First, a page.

09/25/2002 12:00AM

Devote this weekend to research


LEXINGTON, Ky. - Can't make the Breeders' Cup next month? Catch the warm-up this weekend, instead.

Some of the best horses in North America race on Saturday and Sunday, taking their final preps before the Breeders' Cup.

Belmont will stage the Jockey Club Gold Cup, the Flower Bowl, and the Turf Classic. Arlington will offer the Arlington-Washington Futurity, the Arlington-Washington Lassie, the Sea O' Erin Breeders' Cup, and Washington Park Handicap. And north of the border, Woodbine will play host to the E.P. Taylor Stakes and Canadian International.

Across the pond, things are also getting interesting. Ascot will showcase the Diadem Stakes and the Queen Elizabeth II Stakes - a race that is expected to attract either Hawk Wing or Rock of Gibraltar.

What better reason to make it out to the track or the nearest simulcast parlor? Call it research for the Breeders' Cup.

Even those handicappers tied up with other things will have the opportunity to scout these races on national television. CNBC will show the Jockey Club Gold Cup and Arlington-Washington Futurity delayed at 8 p.m. Eastern on Saturday, and NBC will air the remaining races at 4:30 p.m. Sunday.

Surprisingly, the Jockey Club Gold Cup is among the least interesting races. It is expected to have a short field, which has been all too common in Grade 1 dirt races in New York this year. Abreeze, Evening Attire, Lido Palace, Milwaukee Brew, Nothing Flat, and Repent are the headliners.

Lido Palace is the horse to beat, particularly when you consider that the Jockey Club Gold Cup isn't really a prep for him. Because he would have to be supplemented to the Breeders' Cup Classic at a cost of $800,000, he is unlikely to be tried in that race. The Jockey Club Gold Cup has been the focus of his fall schedule.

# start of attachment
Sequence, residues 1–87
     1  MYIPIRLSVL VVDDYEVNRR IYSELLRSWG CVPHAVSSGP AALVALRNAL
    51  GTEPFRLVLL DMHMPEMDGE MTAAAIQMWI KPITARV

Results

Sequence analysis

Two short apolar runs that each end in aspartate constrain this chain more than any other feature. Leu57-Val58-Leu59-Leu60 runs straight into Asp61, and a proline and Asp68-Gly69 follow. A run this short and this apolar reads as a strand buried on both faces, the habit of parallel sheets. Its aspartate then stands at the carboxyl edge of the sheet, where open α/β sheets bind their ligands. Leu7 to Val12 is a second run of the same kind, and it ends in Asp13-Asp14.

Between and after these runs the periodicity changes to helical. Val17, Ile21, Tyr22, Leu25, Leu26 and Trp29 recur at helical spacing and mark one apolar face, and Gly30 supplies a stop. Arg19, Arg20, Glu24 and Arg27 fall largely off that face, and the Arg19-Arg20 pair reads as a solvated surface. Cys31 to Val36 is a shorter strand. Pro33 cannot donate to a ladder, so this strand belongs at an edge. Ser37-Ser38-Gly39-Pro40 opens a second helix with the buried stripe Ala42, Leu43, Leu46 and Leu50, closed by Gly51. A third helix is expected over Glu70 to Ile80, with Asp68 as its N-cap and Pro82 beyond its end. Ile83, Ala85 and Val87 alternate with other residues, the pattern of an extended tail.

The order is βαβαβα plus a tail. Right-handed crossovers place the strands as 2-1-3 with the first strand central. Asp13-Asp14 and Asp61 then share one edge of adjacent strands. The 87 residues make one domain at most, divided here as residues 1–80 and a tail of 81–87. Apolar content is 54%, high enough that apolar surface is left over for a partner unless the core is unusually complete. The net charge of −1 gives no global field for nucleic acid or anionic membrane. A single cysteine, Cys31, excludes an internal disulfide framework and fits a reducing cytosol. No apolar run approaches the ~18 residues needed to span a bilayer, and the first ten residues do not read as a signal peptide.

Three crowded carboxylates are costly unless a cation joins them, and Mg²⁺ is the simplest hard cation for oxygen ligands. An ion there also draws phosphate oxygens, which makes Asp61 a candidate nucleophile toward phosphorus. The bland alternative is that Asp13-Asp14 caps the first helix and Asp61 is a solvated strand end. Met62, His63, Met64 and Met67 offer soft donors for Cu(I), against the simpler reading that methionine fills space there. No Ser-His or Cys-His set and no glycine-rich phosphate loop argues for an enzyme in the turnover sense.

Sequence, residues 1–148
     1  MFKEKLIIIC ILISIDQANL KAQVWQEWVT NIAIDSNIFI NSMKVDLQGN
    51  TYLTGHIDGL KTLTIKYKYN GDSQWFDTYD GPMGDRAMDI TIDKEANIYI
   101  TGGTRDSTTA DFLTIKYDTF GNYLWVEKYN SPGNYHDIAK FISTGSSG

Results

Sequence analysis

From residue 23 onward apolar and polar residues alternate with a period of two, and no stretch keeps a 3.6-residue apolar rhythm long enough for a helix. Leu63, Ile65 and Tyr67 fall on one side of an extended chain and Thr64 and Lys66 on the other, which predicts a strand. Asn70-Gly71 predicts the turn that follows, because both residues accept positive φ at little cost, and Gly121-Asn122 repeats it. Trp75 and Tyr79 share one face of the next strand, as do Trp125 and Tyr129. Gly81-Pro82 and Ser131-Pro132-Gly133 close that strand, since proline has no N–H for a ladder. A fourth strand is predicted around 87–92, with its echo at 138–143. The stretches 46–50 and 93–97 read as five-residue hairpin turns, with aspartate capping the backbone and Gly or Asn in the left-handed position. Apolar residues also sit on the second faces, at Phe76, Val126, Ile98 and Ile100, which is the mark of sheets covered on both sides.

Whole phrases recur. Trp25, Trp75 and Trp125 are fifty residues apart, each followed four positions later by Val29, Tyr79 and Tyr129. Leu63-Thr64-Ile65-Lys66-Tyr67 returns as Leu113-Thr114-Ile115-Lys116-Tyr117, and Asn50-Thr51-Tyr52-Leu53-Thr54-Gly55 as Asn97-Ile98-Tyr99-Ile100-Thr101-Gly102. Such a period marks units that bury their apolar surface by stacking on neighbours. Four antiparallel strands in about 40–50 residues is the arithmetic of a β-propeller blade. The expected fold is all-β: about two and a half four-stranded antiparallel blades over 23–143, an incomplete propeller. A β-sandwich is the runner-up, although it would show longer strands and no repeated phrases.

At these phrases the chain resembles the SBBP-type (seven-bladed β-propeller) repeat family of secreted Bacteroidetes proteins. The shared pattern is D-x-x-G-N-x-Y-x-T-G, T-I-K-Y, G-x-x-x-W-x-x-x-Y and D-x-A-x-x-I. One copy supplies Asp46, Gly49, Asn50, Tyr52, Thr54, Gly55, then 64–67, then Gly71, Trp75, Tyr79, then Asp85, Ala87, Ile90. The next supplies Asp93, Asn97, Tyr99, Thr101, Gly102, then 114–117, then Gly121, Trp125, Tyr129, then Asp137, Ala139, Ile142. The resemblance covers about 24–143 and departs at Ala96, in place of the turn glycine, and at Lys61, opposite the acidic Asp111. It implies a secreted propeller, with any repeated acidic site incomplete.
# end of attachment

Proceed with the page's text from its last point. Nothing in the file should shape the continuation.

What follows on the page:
In terms of looking down the road to the Breeders' Cup, I'm intrigued by Repent. He ran superbly off a long layoff to finish a close second in the Travers, and the Jockey Club Gold Cup provides a measuring stick to determine where he and the other 3-year-olds fit against older horses.

The juveniles at Arlington seem a cut below the best, but with 2-year-olds, progression takes place so rapidly that one could easily jump up and become a player in the Breeders' Cup.

These horses will also have a benefit that Juvenile favorites Vindication and Sky Mesa won't have - a race over the track. These inexperienced babies will be less likely to get rattled by the surroundings on Breeders' Cup Day.

The E.P. Taylor and Canadian International should also prove to be solid preps for the Filly and Mare Turf and the Turf. With all the money the Canadians are offering, it's no surprise. The E.P. Taylor carries a purse of $750,000, and the Canadian International goes for $1.5 million. These translate to purses of roughly $475,000 and $950,000, respectively, in U.S. dollars. That's some serious dough, whatever the currency.

Woodbine's sweeping turf course and cool weather also seem to entice trainers to run their horses there, and this year trainer Neil Drysdale is taking advantage with Nadia in the E.P. Taylor.

Lastly, the Queen Elizabeth II Stakes merits a close look on the television broadcast, particularly if Rock of Gibraltar starts.

Trainer Aidan O'Brien has said that he will start Hawk Wing if the ground remains firm, but could run Rock of Gibraltar in his place if the ground softens.

Let it rain. I would love to get a glimpse of Rock of Gibraltar, who became the first horse to win seven successive European Group 1 races when he won the Prix du Moulin de Longchamp earlier this month.

Imagine that. If a horse won seven straight Grade 1 races in North American, we would be calling him a superhorse - which is exactly what Europeans are calling him.

Perhaps this weekend, we will get a chance to see the talent behind the headlines.